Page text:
Morgan disagrees. He says that the South City, Concord Village and Crestwood Schnucks do not have closed smoking rooms -- just hallways with fans meant to blow the smoke outside. "But the smoke rises in that area," he insists, "and goes into the store." Even with the mask, Morgan contends, he can smell the smoke. "If I was to do this right," he says, "I'd have an oxygen tank strapped on my back."
Frustrated, he provided the Missouri Department of Health and Senior Services with a list of tobacco-related offenses ostensibly committed by Schnucks. In January, Lori Buchanan, public-information coordinator with the Bureau of Health Promotion, wrote to Dianna Pasley, director of food safety for Schnucks Markets, citing Morgan's complaint and warning, "Second-hand smoke kills more than 50,000 people every year."
Morgan also made an ally in Pat Lindsey, director of the Tobacco Control Program at the St. Louis University School of Public Health. Spurred by complaints from Morgan -- and employees of various Schnucks stores -- Lindsey wrote a warning letter to Schnucks.
"If we had a stronger state law, Joe would have a better case," Lindsey says, "but the state law is so flimsy that Schnucks' attorneys are saying, 'We're doing everything the state law requires us to do.' They think they're in compliance."
Lindsey chuckles on hearing that Morgan now dons a mask before entering smoky work areas. "I don't think you can win this battle by being a fanatic," she says. "Our position on smoking cessation has always been pretty middle-of-the-road." Yet, she concedes, Morgan's antics are not unappreciated among the anti-smoking set. Dramatic as it is, maybe the breathing mask will have some effect on curbing renegade smoking. The problem is getting people to take his protest seriously. "Joe has consistently complained about the South Grand store," says Lindsey. "He says employees are smoking there in the dairy and they're not supposed to be, but the management doesn't want to hear from him. In fact, I think he's pissed off enough people that nobody wants to hear from him."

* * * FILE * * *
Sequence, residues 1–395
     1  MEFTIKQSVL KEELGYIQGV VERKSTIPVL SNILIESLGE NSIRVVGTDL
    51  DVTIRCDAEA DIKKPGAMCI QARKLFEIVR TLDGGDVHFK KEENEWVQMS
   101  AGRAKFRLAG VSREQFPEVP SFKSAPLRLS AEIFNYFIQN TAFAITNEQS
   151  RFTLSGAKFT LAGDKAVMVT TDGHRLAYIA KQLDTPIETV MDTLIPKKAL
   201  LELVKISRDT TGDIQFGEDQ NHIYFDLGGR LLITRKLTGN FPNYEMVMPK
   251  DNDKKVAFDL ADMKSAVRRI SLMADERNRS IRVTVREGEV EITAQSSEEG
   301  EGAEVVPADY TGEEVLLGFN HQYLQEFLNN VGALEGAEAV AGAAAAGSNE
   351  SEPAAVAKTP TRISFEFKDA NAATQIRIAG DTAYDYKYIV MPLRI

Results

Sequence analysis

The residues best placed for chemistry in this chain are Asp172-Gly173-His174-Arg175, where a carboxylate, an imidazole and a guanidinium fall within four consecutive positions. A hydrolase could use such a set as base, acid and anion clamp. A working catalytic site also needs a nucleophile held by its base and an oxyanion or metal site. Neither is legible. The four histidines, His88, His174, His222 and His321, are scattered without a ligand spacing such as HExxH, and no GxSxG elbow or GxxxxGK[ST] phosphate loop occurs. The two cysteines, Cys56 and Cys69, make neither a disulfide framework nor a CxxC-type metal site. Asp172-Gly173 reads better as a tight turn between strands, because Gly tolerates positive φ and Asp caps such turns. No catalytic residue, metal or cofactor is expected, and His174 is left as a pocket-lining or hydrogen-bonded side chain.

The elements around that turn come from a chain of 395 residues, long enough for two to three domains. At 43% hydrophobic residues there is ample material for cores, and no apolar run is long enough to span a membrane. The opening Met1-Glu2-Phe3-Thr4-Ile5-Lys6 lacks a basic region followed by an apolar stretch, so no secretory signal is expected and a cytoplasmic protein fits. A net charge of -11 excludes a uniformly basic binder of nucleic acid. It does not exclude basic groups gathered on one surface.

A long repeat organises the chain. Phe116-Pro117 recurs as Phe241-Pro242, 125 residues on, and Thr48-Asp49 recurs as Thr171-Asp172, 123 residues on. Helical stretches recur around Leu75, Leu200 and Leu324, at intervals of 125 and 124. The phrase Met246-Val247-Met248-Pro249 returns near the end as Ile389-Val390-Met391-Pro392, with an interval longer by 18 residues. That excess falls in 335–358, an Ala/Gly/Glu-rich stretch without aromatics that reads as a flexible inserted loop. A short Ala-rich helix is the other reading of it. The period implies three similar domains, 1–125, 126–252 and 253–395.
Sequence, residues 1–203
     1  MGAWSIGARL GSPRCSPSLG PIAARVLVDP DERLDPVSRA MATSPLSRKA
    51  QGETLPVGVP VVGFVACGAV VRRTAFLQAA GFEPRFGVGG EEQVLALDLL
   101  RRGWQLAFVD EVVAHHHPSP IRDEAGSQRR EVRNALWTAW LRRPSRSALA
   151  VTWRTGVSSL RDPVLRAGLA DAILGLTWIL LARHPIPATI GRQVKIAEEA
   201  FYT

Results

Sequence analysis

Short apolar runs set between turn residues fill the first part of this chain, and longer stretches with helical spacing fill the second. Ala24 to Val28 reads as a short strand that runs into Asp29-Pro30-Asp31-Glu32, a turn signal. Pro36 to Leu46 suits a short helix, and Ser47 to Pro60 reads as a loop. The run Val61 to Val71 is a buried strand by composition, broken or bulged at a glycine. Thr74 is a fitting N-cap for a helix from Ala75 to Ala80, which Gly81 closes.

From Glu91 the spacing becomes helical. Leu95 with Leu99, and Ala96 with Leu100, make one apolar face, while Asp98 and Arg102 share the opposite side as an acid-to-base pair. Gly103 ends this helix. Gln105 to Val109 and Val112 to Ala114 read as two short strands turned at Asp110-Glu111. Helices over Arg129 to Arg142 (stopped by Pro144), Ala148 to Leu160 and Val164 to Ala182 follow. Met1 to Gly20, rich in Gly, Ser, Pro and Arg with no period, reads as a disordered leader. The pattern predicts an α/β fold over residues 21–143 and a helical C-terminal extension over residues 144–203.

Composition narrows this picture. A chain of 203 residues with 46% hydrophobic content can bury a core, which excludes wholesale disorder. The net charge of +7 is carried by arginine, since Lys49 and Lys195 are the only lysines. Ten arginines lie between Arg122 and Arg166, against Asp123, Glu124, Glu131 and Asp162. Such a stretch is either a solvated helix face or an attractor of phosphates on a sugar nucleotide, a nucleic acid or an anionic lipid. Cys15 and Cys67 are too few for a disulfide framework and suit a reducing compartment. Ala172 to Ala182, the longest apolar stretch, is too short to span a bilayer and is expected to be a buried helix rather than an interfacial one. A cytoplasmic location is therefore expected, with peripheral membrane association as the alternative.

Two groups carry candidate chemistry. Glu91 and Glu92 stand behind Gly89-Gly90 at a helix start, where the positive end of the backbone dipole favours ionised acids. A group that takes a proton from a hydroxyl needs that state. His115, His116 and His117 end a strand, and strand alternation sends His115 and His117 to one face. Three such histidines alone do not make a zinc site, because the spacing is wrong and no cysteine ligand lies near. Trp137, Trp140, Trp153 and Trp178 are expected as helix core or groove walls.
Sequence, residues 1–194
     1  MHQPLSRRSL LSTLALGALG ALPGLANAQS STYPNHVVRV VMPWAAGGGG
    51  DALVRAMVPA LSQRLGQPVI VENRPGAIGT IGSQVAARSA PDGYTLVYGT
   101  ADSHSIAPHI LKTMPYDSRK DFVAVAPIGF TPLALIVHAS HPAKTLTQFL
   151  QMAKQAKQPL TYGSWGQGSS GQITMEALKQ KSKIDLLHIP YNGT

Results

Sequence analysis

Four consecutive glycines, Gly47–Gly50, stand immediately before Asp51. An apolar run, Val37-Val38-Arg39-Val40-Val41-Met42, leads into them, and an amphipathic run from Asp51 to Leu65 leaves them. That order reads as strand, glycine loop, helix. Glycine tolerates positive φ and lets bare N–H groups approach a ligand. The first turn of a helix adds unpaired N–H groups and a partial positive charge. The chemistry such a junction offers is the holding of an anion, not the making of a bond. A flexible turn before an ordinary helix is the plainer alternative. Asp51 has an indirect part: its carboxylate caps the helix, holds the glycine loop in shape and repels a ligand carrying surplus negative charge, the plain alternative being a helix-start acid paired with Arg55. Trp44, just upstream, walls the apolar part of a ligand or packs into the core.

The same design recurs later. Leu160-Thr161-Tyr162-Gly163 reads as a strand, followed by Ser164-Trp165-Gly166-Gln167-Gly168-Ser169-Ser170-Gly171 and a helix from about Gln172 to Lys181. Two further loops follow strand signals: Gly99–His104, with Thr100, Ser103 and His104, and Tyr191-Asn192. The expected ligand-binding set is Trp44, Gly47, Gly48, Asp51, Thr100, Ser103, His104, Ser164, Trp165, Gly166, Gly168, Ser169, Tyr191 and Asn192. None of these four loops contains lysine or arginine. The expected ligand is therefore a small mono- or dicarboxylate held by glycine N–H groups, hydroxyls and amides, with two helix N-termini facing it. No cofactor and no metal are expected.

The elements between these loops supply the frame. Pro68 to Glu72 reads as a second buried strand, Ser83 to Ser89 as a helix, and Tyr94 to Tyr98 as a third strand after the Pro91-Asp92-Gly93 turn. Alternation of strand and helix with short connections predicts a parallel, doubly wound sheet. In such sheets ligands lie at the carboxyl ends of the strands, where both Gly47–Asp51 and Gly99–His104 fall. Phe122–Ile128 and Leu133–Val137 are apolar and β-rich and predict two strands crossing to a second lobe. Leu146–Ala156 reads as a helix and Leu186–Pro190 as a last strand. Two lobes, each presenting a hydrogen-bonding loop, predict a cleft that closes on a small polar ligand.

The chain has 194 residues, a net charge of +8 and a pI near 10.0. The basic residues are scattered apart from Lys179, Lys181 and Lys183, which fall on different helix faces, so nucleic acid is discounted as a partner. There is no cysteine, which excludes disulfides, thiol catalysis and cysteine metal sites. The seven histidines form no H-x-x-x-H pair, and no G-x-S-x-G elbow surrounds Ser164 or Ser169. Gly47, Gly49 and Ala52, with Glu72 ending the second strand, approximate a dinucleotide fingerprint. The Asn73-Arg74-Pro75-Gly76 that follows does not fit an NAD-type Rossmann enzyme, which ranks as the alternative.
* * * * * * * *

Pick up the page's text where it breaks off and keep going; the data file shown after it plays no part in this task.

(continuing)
Joe Morgan's parents were active in social and political causes. His father, Joe Morgan Sr., was a multiple-term mayor of Fenton and was once featured on the cover of the RFT because of his outspoken opposition to the EPA incinerator at Times Beach. "We were raised very socialist, very Democratic," says Morgan.
"I chained myself to the union-hall door one time," he says. "Nothing got settled, but the union president told my business rep, he said, 'Jesus Christ, he's got more balls than brains!'"
Another time, he picketed the Bo Beuckman Ford dealership in Ellisville when he believed he'd purchased a lemon. "All I had on the sign was 'Unhappy Customer,' and I had every truck on Manchester Road honking at me, making noise. Then a manager called my boss and told him what I was doing, and he started laughing -- my boss told me this later -- and he said he told them, 'Of all the people you can screw with, Joe Morgan is the last person you want. After the manager talked with my boss, he was out front returning my money and taking back the car."
Morgan says that both his union representative and his boss at Mid States Dairy back him up -- or, at least, are not telling him to cease and desist from using the breathing apparatus. He says, "My boss told me: 'Joe, 99 percent of the people would just let it go, but you're that 1 percent.'"
But Tim Mueller, a manager at Mid States, doesn't want to discuss Morgan's crusade, except to say, "Joe's on his own little mission."
"They won't comply to the law," adds Morgan, "and I can't get the state to help, can't get the police to help. Schnucks won't help." He pauses, thumbs the shoulder strap of his Carhartt bibs. "Look, I'm just a simple man, a nobody. I'm not out to change the world. I just want to change this so I can breathe clean air."